Eat: Mull

Get back to basics on the second-largest island of the Inner Hebrides, whose charming restaurants and farm shops showcase the region's extensive natural larder, offering sweet lobster and crab, cheese and wild strawberries.

By Audrey Gillan
Published 21 Mar 2014, 11:59 GMT, Updated 30 Jun 2021, 18:01 BST

It's muddy underfoot as we pick our way through a wood off the shores of Loch Scridain in the south of Mull. It's coming to the end of the season but Craig Ferguson knows this spot well and says there'll be a few wild mushrooms still growing here.

The chef-cum-forager heads to a clearing and finds what he's looking for among some beech tree roots — hedgehog mushrooms, orange in hue and easily identified by tooth-like spines on their underside. We uncover at least a dozen of them but Craig won't pick them today because he wants to leave the scattered specimens to propagate and spread. "We need to let the mycelium [fungus spores, which germinate] produce more mushrooms," he explains. "I've found at least 10 different types of mushrooms here on Mull, including girolles, trompettes, ceps, winter chanterelles and amethyst deceivers. On the south of the island there's less rain and a more temperate climate — so, for mushrooms, it's ideal and they go fantastically well with Highland beef or Hebridean lamb."

Craig's passion for Mull's flora and fauna finds its way onto the plates of diners at Tiroran House Hotel, where he works as head chef, sourcing the best produce from local suppliers and supplementing it with what he can forage. "It starts early in the spring with wild garlic and moves through to late autumn with berries and mushrooms," he says. "I favour a simple, honest country-house style of cooking and I have the best of ingredients on my doorstep."

Further south, near Fionnphort ('Port of the White Sands'), on the Ross of Mull, I'm greeted by lobster fisherman Johnny Lamont. We off-road in his truck through the disused Tormore granite quarry, towards his mooring.

"The quarry went bust in 1908," Johnny tells me. "The red granite had been used for pillars in Blackfriars Bridge and Holborn Viaduct in London and buildings in New York. The order came in for the Albert Memorial, but when they carved the needle they found a flaw in it and the whole thing was cancelled. It ruined the quarry."

Johnny, who's been fishing these bountiful waters for 30 years, opened Ninth Wave Restaurant with his chef wife, Carla, six seasons ago. "I was fed up with folk asking, 'Where can I get a cooked lobster on a plate, and having to tell them Madrid. Much of the seafood and fish caught on Mull is quickly frozen and exported to Spain," he says, ruefully.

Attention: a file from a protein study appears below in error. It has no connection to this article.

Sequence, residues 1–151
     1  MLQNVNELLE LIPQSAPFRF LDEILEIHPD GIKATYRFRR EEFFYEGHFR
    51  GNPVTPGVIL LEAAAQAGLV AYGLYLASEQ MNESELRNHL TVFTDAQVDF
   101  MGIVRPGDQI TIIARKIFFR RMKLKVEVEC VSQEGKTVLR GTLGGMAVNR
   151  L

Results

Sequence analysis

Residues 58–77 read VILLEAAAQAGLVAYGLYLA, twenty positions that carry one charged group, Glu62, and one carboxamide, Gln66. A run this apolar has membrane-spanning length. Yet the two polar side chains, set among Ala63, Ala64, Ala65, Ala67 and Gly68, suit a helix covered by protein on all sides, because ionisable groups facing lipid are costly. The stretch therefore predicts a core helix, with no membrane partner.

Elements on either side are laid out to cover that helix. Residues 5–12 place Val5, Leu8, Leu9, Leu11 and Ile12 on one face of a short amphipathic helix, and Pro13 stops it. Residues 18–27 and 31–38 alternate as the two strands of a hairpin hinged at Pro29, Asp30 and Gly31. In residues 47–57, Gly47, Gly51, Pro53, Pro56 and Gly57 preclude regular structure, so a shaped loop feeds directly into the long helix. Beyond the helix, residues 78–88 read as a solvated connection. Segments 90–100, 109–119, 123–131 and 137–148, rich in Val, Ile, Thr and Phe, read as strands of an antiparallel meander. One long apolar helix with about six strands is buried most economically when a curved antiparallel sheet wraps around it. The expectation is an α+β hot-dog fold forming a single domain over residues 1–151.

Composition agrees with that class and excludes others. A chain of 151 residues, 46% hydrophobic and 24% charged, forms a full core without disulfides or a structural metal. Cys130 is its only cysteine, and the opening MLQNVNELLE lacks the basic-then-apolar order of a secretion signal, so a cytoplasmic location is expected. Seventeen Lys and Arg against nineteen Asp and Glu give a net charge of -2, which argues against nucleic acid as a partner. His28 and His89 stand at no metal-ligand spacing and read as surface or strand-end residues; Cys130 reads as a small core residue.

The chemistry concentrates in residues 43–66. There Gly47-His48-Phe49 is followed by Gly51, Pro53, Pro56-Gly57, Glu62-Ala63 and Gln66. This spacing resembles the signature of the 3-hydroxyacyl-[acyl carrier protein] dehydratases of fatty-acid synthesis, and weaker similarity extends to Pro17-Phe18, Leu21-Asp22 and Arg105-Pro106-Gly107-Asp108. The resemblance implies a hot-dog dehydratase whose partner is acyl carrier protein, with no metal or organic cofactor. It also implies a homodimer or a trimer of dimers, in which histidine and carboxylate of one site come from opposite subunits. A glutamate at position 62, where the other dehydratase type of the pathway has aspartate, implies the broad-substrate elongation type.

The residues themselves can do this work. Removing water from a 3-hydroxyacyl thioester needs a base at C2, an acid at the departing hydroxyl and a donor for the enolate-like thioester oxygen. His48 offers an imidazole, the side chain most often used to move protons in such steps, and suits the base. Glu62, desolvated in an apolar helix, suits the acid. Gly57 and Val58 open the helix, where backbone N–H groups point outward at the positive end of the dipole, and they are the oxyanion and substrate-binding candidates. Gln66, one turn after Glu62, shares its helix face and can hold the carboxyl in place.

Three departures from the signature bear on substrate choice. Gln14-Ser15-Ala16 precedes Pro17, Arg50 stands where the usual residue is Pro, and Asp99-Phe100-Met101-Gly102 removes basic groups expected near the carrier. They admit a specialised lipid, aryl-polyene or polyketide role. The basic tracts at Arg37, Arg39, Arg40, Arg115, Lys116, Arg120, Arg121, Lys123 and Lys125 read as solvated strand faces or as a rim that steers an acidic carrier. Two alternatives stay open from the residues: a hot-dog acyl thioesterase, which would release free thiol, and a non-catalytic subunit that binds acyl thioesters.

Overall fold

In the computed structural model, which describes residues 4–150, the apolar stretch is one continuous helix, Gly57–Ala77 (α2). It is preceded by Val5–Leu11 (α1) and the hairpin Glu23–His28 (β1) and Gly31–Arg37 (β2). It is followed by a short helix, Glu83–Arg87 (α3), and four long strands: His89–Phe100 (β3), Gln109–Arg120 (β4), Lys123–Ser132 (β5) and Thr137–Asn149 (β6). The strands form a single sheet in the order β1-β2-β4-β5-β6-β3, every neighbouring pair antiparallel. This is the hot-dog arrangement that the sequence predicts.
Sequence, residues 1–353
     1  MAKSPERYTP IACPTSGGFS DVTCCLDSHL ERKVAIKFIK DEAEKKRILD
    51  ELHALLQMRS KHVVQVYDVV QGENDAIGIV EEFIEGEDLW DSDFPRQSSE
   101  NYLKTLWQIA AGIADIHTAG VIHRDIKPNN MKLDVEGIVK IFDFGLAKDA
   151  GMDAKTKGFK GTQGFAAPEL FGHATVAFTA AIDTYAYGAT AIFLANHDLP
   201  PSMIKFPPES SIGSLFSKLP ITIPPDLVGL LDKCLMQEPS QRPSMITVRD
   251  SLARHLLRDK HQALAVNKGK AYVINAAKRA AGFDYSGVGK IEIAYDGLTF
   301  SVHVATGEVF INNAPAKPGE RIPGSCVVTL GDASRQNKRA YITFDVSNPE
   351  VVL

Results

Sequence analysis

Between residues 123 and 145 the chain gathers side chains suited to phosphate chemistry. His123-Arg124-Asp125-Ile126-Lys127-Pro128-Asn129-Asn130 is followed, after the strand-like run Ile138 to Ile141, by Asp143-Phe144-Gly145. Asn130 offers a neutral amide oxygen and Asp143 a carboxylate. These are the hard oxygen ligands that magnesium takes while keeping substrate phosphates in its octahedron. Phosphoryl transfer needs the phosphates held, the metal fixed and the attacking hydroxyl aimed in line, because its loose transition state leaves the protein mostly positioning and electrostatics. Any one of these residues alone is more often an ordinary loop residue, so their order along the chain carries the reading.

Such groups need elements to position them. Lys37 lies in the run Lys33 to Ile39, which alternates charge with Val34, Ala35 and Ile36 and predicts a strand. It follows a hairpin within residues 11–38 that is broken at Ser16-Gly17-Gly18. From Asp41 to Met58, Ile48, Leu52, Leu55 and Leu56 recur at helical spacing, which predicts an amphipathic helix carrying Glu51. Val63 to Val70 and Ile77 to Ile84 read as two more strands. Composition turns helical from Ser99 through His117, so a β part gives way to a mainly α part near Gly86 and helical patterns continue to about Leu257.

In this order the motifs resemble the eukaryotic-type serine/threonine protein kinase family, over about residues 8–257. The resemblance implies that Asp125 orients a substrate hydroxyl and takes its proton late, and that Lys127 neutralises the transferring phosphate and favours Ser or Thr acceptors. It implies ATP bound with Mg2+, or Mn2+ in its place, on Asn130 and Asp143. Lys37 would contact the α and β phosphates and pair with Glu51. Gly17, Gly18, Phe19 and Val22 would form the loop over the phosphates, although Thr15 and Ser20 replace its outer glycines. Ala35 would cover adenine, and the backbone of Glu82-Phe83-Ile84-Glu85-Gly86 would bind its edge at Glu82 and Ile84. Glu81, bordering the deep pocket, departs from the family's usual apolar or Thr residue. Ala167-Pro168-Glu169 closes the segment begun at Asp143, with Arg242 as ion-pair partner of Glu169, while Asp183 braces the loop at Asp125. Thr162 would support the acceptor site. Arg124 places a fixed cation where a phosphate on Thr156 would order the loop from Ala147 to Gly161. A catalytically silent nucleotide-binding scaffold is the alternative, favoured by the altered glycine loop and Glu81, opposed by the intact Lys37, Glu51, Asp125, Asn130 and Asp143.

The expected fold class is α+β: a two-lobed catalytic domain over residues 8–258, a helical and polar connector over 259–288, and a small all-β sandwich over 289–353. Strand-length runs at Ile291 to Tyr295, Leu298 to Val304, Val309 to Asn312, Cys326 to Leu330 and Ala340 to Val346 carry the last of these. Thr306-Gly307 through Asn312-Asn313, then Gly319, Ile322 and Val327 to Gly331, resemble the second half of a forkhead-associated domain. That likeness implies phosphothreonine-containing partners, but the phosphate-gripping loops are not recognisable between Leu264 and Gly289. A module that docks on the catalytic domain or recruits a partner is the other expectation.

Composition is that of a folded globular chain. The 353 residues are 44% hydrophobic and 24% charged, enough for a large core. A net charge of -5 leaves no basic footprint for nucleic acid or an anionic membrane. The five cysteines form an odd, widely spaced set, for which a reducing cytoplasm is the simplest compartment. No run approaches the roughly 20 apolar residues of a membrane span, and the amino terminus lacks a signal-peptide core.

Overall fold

We clamber down the red granite rocks to board Johnny's wee boat, the Sonsie, and pooter out into the Sound of Mull; first into the sheltered bay that is the Bull Hole — the Isle of Iona and its abbey is just across the water. Johnny looks for the pink buoys marking the spots where he laid his creels, then winches them up. His hands are a blur as he empties the traps — mending holes in the mesh with cord and attaching fresh saithe (coley) bait as he goes. Today, there are only brown crabs — which Johnny measures for size, keeping the larger ones and throwing the immature specimens back into the water — and velvet and blue crabs (the vast, unprofitable, bulk of most catches; the latter really only used for stock). One crustacean is notably absent from today's haul. "I'd be happy as Larry and dancing up this boat if we caught a lobster," says Johnny.

Ninth Wave Restaurant is housed in a 200-year-old bothy, on a working croft, where Carla harvests vegetables, herbs and flowers. "I grow celtus, an ancient form of celery, and use it in my venison loin dish," she explains. "Then there's sweet woodruff and bergamot leaves in my chocolates and my courgette blossoms will be stuffed with lobster mousse."

I head next to the far north of the island to Sgriob-ruadh Farm, in the capital, Tobermory (made famous by children's television show Balamory, which features its candy-coloured terraced houses). It's here some of the best, tongue-stinging, mature cheddar you'll ever taste is made. The Reades milk their own cows, as well as making their own cheese. Brendan, who's taken over the running of the farm from mum Christine, says: "People can use the same methods to make cheese, but depending on their environment or terroir, it'll be very different. Our climate is obviously damp and green and we have a short growing season — all this contributes to our special flavour."